Looking at St. Louis’ past and its trajectory has inspired flat-out disappointment in a lot of people. Why not in you guys?
JV: We’ve always been the kind of people who really root for the underdog. Where a lot of people see depression and desolation, we see opportunity. Living here, we don’t sacrifice sense of place, quality of life—
RV: —night life.
JV: Right. You’ve got this great built environment with plenty of creative people who want to be here. The people who were going to follow the crowds to the next hot city are gone. The ones who are left are the ones who want to be here and who enjoy the challenge of being part of a work in progress. Cherokee Street really exemplifies that: It’s this critical mass of creative people who all have an understanding that we’re building something together.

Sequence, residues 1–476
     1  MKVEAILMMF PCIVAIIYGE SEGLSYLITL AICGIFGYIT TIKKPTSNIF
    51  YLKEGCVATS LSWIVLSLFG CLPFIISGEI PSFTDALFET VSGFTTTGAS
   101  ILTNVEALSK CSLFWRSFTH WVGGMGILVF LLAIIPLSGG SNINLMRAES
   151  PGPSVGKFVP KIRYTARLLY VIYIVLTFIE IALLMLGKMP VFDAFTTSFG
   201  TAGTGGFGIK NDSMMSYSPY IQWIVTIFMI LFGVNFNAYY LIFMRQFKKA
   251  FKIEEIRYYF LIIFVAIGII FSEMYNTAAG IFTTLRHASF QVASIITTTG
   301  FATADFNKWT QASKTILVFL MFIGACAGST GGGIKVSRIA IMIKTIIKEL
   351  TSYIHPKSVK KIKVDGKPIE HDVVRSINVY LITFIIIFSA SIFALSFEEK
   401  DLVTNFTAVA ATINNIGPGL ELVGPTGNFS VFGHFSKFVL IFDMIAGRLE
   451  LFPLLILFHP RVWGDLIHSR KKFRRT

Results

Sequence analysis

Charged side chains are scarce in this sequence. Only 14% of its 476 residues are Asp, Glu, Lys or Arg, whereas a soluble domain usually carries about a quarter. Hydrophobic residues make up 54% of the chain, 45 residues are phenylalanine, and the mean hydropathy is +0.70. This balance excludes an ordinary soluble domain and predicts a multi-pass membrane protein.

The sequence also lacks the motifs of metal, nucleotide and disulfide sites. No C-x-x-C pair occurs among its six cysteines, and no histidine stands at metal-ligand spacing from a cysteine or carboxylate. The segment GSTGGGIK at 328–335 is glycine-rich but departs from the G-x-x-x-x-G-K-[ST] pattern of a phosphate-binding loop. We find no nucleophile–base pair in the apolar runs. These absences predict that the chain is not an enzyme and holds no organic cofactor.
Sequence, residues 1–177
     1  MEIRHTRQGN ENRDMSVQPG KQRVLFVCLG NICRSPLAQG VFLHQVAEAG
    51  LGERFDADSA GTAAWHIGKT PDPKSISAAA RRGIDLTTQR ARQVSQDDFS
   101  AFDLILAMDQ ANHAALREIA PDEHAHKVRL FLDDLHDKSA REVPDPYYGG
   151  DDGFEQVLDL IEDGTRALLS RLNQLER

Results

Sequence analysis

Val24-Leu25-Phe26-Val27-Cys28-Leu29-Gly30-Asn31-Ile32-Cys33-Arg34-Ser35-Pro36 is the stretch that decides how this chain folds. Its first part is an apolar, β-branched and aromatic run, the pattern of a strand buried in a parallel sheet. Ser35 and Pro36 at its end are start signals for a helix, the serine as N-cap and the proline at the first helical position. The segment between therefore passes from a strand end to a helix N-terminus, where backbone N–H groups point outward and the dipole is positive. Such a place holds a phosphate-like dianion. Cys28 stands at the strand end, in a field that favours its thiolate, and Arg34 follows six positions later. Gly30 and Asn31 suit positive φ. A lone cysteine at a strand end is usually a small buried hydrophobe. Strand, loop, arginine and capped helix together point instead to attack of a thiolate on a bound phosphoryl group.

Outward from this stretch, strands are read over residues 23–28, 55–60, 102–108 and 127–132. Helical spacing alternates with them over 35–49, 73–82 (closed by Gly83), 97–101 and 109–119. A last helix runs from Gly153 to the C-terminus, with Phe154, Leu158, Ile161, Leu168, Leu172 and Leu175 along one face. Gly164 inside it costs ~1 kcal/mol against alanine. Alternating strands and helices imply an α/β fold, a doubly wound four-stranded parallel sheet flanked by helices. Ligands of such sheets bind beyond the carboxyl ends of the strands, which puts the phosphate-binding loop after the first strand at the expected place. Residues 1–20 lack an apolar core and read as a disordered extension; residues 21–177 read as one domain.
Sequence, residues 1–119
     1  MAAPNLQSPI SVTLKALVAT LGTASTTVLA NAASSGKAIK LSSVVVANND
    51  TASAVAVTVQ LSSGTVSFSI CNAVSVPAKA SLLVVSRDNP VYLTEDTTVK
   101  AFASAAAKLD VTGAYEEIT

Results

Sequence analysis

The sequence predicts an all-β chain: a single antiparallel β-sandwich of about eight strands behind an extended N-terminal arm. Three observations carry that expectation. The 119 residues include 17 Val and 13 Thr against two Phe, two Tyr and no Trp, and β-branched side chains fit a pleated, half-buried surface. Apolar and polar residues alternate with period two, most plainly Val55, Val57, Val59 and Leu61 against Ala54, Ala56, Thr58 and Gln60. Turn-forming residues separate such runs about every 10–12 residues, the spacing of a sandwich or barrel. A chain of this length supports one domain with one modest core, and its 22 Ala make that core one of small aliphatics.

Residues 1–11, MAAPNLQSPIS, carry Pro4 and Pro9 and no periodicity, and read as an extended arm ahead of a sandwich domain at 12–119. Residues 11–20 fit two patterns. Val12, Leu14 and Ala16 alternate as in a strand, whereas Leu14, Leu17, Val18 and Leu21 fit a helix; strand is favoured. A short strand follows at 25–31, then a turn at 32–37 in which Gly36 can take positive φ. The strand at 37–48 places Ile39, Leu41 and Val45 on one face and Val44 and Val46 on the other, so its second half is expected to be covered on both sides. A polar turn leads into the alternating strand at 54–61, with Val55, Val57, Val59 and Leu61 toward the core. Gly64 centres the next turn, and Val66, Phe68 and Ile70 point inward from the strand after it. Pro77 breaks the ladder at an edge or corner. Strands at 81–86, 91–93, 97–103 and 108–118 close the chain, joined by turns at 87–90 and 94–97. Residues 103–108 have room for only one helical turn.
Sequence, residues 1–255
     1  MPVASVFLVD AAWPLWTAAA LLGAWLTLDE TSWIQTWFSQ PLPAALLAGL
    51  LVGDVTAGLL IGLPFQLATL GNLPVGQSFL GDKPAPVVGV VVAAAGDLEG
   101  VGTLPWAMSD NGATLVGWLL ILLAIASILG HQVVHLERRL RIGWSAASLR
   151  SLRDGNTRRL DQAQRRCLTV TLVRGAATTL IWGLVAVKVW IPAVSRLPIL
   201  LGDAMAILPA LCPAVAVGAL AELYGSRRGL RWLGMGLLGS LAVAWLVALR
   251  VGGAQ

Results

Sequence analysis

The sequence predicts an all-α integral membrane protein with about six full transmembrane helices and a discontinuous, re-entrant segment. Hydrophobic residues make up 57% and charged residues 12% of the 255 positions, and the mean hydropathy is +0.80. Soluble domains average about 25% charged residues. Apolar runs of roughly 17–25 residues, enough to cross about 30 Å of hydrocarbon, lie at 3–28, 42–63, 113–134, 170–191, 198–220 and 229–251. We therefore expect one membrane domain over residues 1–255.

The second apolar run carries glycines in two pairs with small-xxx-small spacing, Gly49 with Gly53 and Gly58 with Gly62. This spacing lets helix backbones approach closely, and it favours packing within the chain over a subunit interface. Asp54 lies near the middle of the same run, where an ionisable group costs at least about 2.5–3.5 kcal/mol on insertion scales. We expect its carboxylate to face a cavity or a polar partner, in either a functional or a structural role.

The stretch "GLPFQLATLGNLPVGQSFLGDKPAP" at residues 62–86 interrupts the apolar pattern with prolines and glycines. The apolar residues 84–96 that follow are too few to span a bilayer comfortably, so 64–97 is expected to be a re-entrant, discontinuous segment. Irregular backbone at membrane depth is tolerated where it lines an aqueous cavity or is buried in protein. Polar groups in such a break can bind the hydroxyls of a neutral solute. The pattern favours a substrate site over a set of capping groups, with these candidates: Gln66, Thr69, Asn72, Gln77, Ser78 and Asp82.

Your T-shirts and other stuff are the epitome of local—not only are they produced here, they also represent St. Louis in a way that you almost have to be a local to get it.
JV: It really was about giving people a new way to view their city and a new way to express how they feel about it. Before, St. Louis T-shirts were—
RV: —touristy shit.
JV: Yeah. There was nothing to express the edginess that we saw here.
RV: It’s interesting how something as simple as a T-shirt can change people’s psychology about where they live. Our real goal is to build pride and to give people a stylish and fun way to essentially become walking bill-boards for the love we have for our city.
I saw a Gallup poll recently that found 84 percent of St. Louis–area residents are at least “satisfied” with their city, but only 59 percent said it is “getting better.”
JV: I think it depends on where you live here. I’ve found that a lot of suburbanites haven’t the slightest clue about what’s going on in the city now. Just yesterday, we talked to a girl our age who lives in Wildwood. She had never been to The Grove; she had never been to Cherokee Street. And she lives here; she’s young! What excuse do you have for not taking time to explore where you live?